I love riding the subway. I have a 30-40 minute commute each morning and while that time has given me a desperate yearning for exciting podcasts and new knowledge, sometimes nothing beats good old fashioned people watching.
When I was younger and on road trips, I would read license plates and make up stories for the person who owned the car. For example [RSP52983] was Richard Samuel Palt and he was born on May 29th 1983. He’s 34 years old and…
The writer inside me can find a word exercise in anything and the subway is no different. Being surrounded by hundreds of different people every day in New York City means I am constantly around stories and there is something wildly humbling about that.
There is something very strange about realizing that – though you might be fighting through some strong emotional turmoil – someone across from you on the subway is having the best day of their life. Everyone is in their own head in their own bubble on this crowded subway cart and even if it is the best day of their life, they are carrying a multitude of stories and life experiences that I will never know about.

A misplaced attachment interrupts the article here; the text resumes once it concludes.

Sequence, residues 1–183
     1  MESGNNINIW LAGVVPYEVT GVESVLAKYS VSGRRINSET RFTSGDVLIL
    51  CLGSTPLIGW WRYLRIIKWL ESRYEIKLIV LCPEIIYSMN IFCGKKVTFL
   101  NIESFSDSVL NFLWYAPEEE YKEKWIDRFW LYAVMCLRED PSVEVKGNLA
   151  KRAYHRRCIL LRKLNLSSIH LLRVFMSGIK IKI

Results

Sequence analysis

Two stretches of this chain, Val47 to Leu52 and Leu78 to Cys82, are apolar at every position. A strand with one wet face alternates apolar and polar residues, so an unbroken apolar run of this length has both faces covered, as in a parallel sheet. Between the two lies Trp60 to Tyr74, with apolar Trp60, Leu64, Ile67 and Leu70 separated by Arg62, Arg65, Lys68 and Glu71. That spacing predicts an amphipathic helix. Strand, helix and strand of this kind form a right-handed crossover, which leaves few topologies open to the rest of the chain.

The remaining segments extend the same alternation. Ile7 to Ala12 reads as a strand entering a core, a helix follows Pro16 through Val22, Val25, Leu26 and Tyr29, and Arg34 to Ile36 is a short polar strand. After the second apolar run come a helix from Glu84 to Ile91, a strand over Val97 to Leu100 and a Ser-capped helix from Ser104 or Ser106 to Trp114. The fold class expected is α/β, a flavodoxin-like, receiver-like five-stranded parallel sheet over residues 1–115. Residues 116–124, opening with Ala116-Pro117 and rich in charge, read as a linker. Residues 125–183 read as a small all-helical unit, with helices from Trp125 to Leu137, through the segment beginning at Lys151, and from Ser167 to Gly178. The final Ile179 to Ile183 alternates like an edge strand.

Which brings me to my final thought:
You never know what someone is going through. Part of seeing so many strangers every day has made me more aware of this than ever before. It’s easy to get caught up in my own mind and my own thoughts that I sometimes forget that someone on my train just lost a loved one. Someone on my train just got a promotion. Someone on my train doesn’t know how they will feed their children tonight. Someone on my train is going to propose to their partner tomorrow.
Be caring. Be kind. Be sensitive. Be understanding.
I have no idea what these people are carrying with them today. These people are strangers to me, though. So what about your friends? You may be frustrated at a friend’s recent behavior, but be patient. They may be fighting battles you know nothing about.
Be loving to yourself. Be loving to others. Everything else can sort itself out from there.